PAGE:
Separatists kill at least 11 people in southeast Nigeria, army says

Main separatist group in restive southeast region denies responsibility and blames ‘criminals’ for the deadly attack.

Soldiers in truck
Nigerian army patrol in Kaduna State, March 9, 2024 [File: Sunday Alamba/AP Photo]

The Nigerian military has said that separatists killed at least 11 people in a “surprise” assault on a checkpoint in the country’s southeastern Abia State, the latest in a string of raids in the restive region.

The attack on Thursday, which the army blamed on the outlawed separatist Indigenous People of Biafra (IPOB) movement, claimed the lives of six civilians and five soldiers deployed at the Obikabia junction in the city of Aba, according to defence spokesperson Major-General Edward Buba.

“The military will be fierce in its response. We will bring overwhelming military pressure on the group to ensure their total defeat,” said Buba on Friday.

IPOB, which wants a separate state for the ethnic Igbo people in southeast Nigeria, denied it was behind attacks.

“We condemn the attack on military on duty in Aba,” spokesperson Emma Powerful said, blaming politically motivated “criminals”.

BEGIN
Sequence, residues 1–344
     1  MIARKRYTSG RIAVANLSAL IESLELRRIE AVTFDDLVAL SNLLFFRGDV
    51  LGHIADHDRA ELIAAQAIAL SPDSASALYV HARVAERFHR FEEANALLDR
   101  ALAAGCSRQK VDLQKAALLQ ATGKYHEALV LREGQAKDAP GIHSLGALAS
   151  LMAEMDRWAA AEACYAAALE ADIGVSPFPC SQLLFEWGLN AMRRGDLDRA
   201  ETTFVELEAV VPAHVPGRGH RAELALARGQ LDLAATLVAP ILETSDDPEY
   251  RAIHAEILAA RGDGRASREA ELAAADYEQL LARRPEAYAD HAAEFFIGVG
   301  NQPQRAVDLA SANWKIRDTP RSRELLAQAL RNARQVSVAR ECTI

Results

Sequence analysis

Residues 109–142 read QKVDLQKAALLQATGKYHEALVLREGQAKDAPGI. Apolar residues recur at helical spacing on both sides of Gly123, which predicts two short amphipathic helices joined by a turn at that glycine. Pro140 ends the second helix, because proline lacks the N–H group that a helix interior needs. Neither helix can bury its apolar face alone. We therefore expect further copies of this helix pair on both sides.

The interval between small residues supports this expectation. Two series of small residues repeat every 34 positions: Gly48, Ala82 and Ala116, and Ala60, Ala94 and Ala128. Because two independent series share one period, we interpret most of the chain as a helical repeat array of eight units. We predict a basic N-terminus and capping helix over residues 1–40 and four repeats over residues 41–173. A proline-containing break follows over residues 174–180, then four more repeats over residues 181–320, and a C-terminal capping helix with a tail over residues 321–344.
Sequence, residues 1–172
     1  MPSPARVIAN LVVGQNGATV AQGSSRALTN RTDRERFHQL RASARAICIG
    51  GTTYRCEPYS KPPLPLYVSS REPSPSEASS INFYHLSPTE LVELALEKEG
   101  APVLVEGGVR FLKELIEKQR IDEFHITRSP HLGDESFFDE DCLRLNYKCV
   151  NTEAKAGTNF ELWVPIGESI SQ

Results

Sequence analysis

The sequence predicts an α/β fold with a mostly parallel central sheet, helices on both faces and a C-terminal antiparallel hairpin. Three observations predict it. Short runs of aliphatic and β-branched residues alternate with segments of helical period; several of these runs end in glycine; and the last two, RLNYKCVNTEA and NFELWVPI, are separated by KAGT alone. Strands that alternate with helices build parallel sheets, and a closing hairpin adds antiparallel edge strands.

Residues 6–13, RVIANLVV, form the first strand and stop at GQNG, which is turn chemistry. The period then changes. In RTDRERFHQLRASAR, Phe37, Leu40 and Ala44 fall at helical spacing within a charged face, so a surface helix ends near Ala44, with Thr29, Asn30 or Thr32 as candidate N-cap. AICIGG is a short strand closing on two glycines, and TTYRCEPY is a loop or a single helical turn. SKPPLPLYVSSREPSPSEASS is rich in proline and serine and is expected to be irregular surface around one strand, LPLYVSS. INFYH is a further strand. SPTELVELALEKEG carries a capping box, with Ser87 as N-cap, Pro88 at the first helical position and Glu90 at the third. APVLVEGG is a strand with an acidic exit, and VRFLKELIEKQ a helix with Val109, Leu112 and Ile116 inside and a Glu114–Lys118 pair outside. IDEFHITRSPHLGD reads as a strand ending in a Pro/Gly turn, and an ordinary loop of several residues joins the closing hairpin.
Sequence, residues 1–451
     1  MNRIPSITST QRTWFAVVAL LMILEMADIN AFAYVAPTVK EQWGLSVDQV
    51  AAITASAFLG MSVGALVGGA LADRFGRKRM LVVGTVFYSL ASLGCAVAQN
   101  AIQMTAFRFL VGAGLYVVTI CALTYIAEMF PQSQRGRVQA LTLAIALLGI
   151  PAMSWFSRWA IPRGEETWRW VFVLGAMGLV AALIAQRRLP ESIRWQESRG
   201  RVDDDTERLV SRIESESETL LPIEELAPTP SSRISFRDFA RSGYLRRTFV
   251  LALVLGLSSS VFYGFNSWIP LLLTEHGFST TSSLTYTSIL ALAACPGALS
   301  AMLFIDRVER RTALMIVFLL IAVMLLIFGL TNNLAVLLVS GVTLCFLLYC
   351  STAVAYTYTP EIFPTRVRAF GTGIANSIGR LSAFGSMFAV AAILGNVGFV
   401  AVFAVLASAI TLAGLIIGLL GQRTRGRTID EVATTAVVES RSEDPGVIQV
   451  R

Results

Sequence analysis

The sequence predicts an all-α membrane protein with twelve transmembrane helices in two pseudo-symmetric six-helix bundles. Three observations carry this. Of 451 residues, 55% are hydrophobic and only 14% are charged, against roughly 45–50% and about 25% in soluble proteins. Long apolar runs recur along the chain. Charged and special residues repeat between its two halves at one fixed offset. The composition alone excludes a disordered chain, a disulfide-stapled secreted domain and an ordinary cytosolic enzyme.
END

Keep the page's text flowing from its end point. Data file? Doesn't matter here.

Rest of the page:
The attack took place as the region commemorated the people who died as a result of a three-year civil war, which broke out on May 30, 1967, after Igbo army officers declared an independent Biafra state. More than a million people died in the conflict, mostly from starvation.

IPOB said it had issued a strict order for people to remain indoors on so-called “Biafra Day”, adding that it had not struck at a “time of mourning”.

The Nigerian government has banned IPOB as a “terrorist” organisation and accused it of stoking ethnic tensions by claiming genocide against Igbos.

Gunmen have targeted police, soldiers and electoral offices in southeast Nigeria in recent years. Authorities have repeatedly blamed IPOB’s Eastern Security Network paramilitary wing.

The movement’s leader – Nnamdi Kanu, a British citizen arrested in Kenya in 2021 – is currently on trial in Nigeria on “terrorism” charges.

The unrest in the southeast has piled pressure on a government and military already struggling to contain attacks and kidnappings in the northwest as well as a 15-year rebellion in the northeast and sectarian and herder-farmer clashes in central regions.

Source: Al Jazeera and news agencies